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  Hitchhiker's Guide to the Galaxy, The Your Towel - don't leave Earth without itBuy this film here.
Year: 2005
Director: Garth Jennings
Stars: Martin Freeman, Mos Def, Sam Rockwell, Zooey Deschanel, Warwick Davis, Alan Rickman, Bill Nighy, John Malkovich, Stephen Fry, Anna Chancellor, Richard Griffiths, Ian McNeice, Helen Mirren, Steve Pemberton, Mark Gatiss, Reece Shearsmith, Simon Jones
Genre: Comedy, Science Fiction
Rating:  6 (from 7 votes)
Review: The Hitchhikers Guide to the Galaxy is going to seem very strange to anyone who is completely unfamiliar with the books and since the original book that this story is based on is starting to get some age, I suspect that there will be an awful lot of confused viewers out there.

Fortunately the film is pleasing enough for those who haven’t read the books assuming you enjoy cheeky British dry humor, space travel adventures, and a general good time poking fun at people less intelligent than you.

My favorite parts dealt with the Vogons, the giant, fat, beetlike creatures who are the “middle managers of the universe”. In one scene our intrepid heroes are attempting to rescue a girl from being dropped into a pit with a meat eating creature by waiting in line and filling out forms in triplicate in a room making fun of dmv’s and other wasteful government offices. Unfortunately they get the wrong form the first time, and then have trouble figuring how to fill out the new one afterwards as the girl is slowly being lowered into the pit, hilarity ensues.

There’s just so much to take in at one time from this movie with all the weird characters and locations and dry voice over readings from the Hitchikers Guide to the Galaxy book voiced over by a narrator with a rather droll sense of humor that sounds like he’s reading a joke that he’s hoping you will get. There’s one entire sequence devoted to the spontaneous creation of a sperm whale in mid air created by the improbability drive on the ship that Zaphod Beeblebrox has stolen. We get to hear all the thoughts that this newly created creature has, which are all about discovering his new body and that whooshing sound made by his body falling through the air. It all ends quite suddenly with a splat as he lands on the surface of the planet that he was created over, but I doubt the cgi whale will cause any great consternation in animal rights activists due to the overwhelmingly sarcastic nature of the film and the humor that this scene evinces.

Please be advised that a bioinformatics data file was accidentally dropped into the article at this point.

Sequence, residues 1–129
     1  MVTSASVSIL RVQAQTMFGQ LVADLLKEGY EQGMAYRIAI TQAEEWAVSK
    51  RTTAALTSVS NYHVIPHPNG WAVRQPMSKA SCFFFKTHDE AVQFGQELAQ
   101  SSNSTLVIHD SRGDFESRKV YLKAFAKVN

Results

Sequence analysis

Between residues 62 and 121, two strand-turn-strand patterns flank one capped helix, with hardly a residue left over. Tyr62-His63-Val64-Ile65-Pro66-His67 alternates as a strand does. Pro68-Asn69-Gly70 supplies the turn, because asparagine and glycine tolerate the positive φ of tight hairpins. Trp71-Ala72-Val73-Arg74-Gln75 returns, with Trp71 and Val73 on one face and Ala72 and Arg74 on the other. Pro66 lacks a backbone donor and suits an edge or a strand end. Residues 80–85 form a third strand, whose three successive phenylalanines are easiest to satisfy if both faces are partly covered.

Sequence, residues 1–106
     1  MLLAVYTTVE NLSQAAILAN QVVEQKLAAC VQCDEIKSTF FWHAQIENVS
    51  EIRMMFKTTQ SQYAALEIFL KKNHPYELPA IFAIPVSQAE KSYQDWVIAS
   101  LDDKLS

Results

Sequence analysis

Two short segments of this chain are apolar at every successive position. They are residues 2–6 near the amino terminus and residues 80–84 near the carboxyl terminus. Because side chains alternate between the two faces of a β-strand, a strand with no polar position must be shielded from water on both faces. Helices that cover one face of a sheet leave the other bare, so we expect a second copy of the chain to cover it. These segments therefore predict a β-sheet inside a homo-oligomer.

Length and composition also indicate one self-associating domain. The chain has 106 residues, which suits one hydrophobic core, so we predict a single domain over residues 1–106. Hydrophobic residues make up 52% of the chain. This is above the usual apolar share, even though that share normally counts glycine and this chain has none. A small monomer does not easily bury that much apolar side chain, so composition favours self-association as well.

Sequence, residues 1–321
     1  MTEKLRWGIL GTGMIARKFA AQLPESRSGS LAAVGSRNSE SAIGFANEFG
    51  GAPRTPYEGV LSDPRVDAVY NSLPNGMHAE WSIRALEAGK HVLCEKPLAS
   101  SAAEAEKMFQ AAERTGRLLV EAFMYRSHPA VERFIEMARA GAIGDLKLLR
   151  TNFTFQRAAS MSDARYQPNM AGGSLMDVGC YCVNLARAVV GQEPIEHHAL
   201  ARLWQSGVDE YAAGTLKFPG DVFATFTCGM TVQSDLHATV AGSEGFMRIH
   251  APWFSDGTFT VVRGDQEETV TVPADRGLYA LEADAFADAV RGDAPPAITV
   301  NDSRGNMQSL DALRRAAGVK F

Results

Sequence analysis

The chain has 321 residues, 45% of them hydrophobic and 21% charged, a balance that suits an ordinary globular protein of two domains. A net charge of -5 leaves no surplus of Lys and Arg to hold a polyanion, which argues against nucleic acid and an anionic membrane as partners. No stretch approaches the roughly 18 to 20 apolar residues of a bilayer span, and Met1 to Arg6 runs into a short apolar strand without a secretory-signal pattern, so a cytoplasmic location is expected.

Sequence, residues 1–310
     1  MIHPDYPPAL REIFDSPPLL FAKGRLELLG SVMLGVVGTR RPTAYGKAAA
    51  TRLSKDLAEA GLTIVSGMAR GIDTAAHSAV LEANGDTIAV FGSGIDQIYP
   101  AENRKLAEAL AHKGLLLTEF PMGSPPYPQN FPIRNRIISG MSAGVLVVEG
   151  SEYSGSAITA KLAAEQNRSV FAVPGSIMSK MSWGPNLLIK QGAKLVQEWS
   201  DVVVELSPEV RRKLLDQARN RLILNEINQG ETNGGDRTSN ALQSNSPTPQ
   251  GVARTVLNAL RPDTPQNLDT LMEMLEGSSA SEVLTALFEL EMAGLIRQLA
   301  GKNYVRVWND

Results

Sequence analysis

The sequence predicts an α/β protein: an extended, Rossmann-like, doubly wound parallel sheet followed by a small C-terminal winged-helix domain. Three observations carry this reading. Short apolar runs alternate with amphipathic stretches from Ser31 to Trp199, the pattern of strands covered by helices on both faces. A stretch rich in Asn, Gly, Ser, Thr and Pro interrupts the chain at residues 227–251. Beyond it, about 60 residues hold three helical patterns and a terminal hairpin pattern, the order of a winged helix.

But don’t worry about the CGI, most of the alien type characters in this movie are good old fashioned people in rubber suits with the notable exception of Marvin the Paranoid Robot who is voiced by the always bored sounding Alan Rickman but the person in the suit is Warwick Davis of Leprechaun infamy. Marvin provides a great deal of the laughs in this movie as sort of a more suicidal version of C-3P0 always providing a downer line to hilarious comic effect when the cast looks like they’re in a tight spot.

There was some criticism of this film because it is essentially a mishmash of several of the books and also because John Malkovich’s character does not appear in the books. However, in a series that has appeared in numerous incarnations from radio series to video games; I don’t feel that purists stand on much of a high ground here. Additionally the late Douglas Adams approved the movie script and the Malkovich character whose appearance is another comic masterpiece in a movie littered with “smart comedy” and witty in-jokes.

Surprisingly, for a movie that looks as if it has an actual budget the main actors are relative unknowns to movie audiences. Martin Freeman from the British version of the Office does an excellent job as the Earthling, Arthur Dent, whose role it is to look bewildered for much of the movie and be the awkward hero. Mos Def, a socially inclined rapper of some renown, is also equally adept here as his best friend, Ford Prefect, an alien living on Earth who reveals to Arthur that his world is about to be destroyed to make way for an interstellar highway. Sam Rockwell’s Zaphod Beeblebrox is pretty much a full blown imitation of a what a crazy rock star starring in a reality show would do if given control of the universe and had access to a spaceship.

In the end, The Hitchiker’s Guide to the Galaxy is light-hearted fun and feels so much like an 80’s comedy that I kept waiting for Rick Moranis or Martin Short to show up.
Reviewer: Joshua Dudley

 

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